Rerurn to Romy the Cat's Site

In the Forum: Off Air Audio
In the Thread: Is anybody live in Australia with a tuner and an interest?
Post Subject: Recording FMPosted by rwjp on: 9/19/2008
Hi Romy,

Thank's for the information.

I will look into this in the very near future.

Yes, i am finding as i get older(mature?) i am liking some/most classical much more.

I was able to find some more on the tuners specs on this page

also from the same site-

The multiplex decoder breaks some new ground compared to the T-109V. It first converts the output of the detector to digital via an AKM 5385, 24-bit, 192 kHz A/D converter. This is a part touted by some as a mastering grade A/D converter. It is more than good enough to fully exceed the frequency, distortion and noise potential of the FM Stereo media. In fact, it has -103 dB S/N+D, -114 dB S/N and 114 dB dynamic range. The T-1000 then uses a TI digital signal processor to synthesize and then cancel the pilot tone. The DSP is followed by an AKM AK4114, 24-bit, 192 kHz Digital Audio Interface Receiver (DAIR). While jitter is not specified for this part, most of the better DAIRs have reduced jitter tremendously compared with a few years ago. Finally, D/A duties are conducted by an Analog Devices AD1853 D/A converter. This part has -104 dB S/N + D, -117 dB S/N (48 kHz stereo), and 116 dB dynamic range (48 kHz Stereo). The output op-amps are the unexceptional JRC5532 parts. I would have liked to have seen better op-amps such as the AD797, OPA627 or at least a OP2134. While the D/A converter parts are in vogue right now and are one of the better parts available in the multi-delta sigma type, I would have personally liked it better if the PCM1704 R2 style DAC had been used. Others will no doubt disagree, but in my view the PCM1704 is the best single IC DAC that I have tested. More about DACs later. Some analog purists will say that they don't want an A/D converter, a DSP or a D/A in their tuner. My comment to them is that this is their loss. With the bandwidth of FM being strongly limited by the 19 kHz pilot carrier, the 48 kHz sampling rate of the digital components should be more than wide enough to prevent information loss. In fact, listening tests (see below) seem to indicate fidelity gains NOT losses.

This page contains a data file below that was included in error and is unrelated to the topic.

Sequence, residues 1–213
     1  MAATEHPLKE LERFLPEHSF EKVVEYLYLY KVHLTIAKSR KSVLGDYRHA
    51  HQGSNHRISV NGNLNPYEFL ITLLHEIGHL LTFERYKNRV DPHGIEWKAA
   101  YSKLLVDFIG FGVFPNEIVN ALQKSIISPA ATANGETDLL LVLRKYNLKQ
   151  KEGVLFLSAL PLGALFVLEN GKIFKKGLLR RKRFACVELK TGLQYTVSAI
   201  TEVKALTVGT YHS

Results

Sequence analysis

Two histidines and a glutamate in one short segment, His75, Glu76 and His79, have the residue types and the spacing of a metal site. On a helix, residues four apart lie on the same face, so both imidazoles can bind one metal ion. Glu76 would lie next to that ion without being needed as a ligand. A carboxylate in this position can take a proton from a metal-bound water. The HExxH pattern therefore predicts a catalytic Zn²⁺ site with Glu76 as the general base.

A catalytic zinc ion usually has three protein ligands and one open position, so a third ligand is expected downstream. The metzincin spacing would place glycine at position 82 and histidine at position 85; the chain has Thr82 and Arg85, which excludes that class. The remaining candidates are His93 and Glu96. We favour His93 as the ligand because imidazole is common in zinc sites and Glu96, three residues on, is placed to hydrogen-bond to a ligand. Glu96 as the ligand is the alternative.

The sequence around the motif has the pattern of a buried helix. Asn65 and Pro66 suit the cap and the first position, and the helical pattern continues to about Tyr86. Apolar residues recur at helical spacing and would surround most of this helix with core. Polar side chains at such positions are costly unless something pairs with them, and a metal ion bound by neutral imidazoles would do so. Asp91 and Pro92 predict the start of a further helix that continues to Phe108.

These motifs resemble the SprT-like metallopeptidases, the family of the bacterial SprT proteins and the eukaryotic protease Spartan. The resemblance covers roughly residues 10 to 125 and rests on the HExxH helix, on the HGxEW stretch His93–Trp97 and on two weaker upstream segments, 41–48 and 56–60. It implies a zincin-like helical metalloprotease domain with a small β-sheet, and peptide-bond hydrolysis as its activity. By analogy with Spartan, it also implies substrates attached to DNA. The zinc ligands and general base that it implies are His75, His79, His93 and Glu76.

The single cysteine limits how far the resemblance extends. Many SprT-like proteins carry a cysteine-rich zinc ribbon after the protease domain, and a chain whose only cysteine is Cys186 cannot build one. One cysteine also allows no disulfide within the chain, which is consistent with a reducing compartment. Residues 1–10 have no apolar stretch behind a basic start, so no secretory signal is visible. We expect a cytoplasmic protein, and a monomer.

Regards Rob.

Rerurn to Romy the Cat's Site